Breast cancer is the most common form of cancer affecting women after skin cancer and can also affect men, too. For many who will receive chemotherapy as part of their treatment, scalp cooling therapy can help them retain their hair. Keeping hair is not about vanity – it's about the preservation of self and identity. By helping people interact with the world on their terms, instead of feeling like they "look sick" they are able to maintain confidence.
1 in 8 women and 1 in 883 men will have breast cancer in their lifetime. Chemotherapy is often used for aggressive forms of early stage breast cancers, as well as most advanced stage disease.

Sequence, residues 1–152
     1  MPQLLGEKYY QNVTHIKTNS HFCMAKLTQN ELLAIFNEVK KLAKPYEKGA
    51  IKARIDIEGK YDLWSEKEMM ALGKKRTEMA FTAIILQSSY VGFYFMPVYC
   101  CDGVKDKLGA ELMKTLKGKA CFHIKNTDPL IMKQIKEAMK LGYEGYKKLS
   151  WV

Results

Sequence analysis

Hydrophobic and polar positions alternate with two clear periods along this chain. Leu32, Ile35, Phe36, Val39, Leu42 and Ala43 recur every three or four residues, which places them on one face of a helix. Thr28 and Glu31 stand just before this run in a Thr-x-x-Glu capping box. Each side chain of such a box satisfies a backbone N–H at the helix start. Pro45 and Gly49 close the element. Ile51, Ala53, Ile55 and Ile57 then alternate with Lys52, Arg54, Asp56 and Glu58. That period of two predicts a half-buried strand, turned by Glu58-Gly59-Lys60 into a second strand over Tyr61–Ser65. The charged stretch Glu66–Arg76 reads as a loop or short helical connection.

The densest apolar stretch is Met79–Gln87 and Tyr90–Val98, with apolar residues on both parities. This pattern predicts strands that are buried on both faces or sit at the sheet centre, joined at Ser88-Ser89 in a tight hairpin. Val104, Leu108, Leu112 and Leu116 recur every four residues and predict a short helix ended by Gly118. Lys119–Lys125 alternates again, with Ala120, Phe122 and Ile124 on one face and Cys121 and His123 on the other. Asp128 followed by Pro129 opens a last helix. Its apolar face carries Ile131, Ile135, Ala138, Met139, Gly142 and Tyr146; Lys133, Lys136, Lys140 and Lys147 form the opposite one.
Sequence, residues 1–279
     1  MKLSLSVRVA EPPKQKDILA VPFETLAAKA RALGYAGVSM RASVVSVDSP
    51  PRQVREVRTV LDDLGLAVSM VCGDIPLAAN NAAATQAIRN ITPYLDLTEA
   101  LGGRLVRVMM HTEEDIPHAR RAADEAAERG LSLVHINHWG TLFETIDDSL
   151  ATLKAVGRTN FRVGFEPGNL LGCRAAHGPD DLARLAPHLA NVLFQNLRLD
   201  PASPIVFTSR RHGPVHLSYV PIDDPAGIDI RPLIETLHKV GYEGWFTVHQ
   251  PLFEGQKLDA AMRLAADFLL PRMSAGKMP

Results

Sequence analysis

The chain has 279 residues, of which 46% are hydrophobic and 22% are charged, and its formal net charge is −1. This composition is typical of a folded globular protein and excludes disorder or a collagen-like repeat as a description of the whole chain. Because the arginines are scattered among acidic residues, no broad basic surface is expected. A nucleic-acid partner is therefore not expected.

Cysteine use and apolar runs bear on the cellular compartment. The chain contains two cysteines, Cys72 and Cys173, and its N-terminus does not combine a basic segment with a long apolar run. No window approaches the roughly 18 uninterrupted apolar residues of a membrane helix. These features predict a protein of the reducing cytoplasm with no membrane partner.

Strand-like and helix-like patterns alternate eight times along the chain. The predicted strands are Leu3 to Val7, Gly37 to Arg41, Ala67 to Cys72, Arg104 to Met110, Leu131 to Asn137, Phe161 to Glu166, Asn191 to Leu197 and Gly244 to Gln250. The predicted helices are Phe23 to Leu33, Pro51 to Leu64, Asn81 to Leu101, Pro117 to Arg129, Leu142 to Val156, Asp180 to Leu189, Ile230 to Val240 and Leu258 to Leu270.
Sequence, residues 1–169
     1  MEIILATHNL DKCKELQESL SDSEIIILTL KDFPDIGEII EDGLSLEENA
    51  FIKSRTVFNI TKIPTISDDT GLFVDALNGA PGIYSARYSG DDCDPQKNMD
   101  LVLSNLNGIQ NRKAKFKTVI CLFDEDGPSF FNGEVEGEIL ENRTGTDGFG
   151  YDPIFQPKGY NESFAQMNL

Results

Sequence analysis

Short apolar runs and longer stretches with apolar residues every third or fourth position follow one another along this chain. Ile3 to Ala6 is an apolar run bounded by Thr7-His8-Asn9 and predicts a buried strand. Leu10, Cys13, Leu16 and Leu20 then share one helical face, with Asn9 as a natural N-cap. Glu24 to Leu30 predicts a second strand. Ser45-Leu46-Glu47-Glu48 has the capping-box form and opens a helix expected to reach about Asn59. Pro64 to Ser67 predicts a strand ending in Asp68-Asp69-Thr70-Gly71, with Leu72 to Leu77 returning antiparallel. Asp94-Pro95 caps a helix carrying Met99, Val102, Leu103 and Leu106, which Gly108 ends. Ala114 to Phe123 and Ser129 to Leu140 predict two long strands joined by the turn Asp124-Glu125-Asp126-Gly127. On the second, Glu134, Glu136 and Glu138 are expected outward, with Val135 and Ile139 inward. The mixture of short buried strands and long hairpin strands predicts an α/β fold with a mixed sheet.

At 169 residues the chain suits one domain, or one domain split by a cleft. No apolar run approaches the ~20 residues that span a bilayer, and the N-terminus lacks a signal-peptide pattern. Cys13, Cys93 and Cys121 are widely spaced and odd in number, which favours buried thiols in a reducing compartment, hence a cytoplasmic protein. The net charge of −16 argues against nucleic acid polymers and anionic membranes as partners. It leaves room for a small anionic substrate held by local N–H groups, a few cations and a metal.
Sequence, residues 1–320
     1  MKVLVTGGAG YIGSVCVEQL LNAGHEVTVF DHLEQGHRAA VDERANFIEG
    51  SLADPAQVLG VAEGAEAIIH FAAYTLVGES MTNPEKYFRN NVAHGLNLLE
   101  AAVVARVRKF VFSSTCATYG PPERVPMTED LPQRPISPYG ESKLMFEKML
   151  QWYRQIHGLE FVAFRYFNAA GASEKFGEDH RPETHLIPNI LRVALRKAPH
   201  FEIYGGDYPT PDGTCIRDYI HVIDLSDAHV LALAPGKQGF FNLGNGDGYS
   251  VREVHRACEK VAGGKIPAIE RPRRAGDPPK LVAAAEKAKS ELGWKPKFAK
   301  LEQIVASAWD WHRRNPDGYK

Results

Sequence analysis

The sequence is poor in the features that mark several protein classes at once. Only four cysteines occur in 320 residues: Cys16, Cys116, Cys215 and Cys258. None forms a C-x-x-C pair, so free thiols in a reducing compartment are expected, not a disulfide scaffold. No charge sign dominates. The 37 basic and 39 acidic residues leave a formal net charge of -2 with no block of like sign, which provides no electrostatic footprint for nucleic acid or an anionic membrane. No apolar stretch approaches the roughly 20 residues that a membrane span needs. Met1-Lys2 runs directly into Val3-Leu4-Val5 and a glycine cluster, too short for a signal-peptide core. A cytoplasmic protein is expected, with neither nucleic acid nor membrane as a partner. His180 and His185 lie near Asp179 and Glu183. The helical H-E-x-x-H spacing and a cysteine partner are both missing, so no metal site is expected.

Using scalp cooling therapy to retain hair can help offset common feelings in people receiving chemotherapy. For many, hair loss is tied to:
Loss of privacy: Hair loss emphasizes illness
Social isolation: Uncomfortable in social settings
Loss of self-esteem: Individuals feel they don't look like themselves
47% of people say hair loss would be the most traumatic part of breast cancer.
8% of people would reject chemotherapy to avoid hair loss.
50-60% of people retained half or more of their hair with scalp cooling therapy
Produced by Mayo Clinic. Sources: mayoclinic.org; theoncologynurse.com; cancer.net
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